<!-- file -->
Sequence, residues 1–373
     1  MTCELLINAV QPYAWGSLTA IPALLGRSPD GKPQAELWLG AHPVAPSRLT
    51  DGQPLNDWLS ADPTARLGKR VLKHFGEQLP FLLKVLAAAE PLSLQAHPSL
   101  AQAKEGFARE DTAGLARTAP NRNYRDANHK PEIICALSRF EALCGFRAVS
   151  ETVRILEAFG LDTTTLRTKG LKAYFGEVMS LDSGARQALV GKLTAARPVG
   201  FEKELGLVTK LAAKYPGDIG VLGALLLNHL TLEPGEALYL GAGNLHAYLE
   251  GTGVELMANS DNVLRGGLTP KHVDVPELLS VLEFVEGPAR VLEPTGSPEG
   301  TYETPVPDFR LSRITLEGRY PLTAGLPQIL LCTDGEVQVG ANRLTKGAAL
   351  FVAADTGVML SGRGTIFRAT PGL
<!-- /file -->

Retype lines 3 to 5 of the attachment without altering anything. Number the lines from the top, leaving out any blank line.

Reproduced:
    51  DGQPLNDWLS ADPTARLGKR VLKHFGEQLP FLLKVLAAAE PLSLQAHPSL
   101  AQAKEGFARE DTAGLARTAP NRNYRDANHK PEIICALSRF EALCGFRAVS
   151  ETVRILEAFG LDTTTLRTKG LKAYFGEVMS LDSGARQALV GKLTAARPVG